All about International Mother Language Day

  • 21 February 2015 | Cassidy Parker
Greet your guests in their mother language today. Image courtesy of World Bank Photo Collection

Every year, International Mother Language Day is held on 21 February. Created to promote awareness of linguistic and cultural diversity and multilingualism, the day was first recognised by UNESCO in 1999, and observed for the first time in 2000.

In May 2007, the United Nations General Assembly called upon its member states ‘to promote the preservation and protection of all languages used by peoples of the world’ and 2008 was observed as the International Year of Languages.

According to the United Nations website, ‘Languages are the most powerful instruments of preserving and developing our tangible and intangible heritage. All moves to promote the dissemination of mother tongues will serve not only to encourage linguistic diversity and multilingual education, but also to develop fuller awareness of linguistic and cultural traditions throughout the world and to inspire solidarity based on understanding, tolerance and dialogue.’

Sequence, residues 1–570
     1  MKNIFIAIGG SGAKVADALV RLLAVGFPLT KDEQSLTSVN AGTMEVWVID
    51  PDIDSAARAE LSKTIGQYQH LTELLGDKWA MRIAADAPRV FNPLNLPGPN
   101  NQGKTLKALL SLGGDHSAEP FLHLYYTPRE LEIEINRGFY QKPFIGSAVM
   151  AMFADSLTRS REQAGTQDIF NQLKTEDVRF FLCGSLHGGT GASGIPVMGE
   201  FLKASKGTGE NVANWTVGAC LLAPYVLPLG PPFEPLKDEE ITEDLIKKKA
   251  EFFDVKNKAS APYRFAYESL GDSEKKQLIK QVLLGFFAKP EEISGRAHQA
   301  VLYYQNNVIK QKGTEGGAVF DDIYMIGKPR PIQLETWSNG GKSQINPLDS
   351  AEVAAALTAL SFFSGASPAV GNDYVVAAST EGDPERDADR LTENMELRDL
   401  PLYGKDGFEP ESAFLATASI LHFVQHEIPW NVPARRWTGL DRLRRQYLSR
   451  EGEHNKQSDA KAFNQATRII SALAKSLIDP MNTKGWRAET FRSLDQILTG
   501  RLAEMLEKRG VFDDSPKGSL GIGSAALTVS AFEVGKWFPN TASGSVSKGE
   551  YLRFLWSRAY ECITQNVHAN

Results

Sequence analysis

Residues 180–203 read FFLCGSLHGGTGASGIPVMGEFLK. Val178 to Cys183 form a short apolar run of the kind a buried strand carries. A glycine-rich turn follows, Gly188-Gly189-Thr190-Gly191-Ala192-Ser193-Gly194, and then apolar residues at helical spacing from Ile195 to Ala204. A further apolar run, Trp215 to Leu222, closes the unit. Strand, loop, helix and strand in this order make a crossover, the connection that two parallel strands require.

21 February was chosen as it represents the day, in 1952, when students from several educational institutions in Dhaka, the capital of present-day Bangladesh, were shot and killed by police for demanding recognition for their language, Bangla, as one of the two national languages of the then Pakistan.

This history speaks to this year’s theme for International Mother Language Day: ‘Inclusive education through and with language – language matters.’

As you welcome your guests from all over the world to South Africa, try to welcome them in their mother language – not only on International Mother Language Day, but every day. More information on greetings in different languages can be found in our tourist toolkit.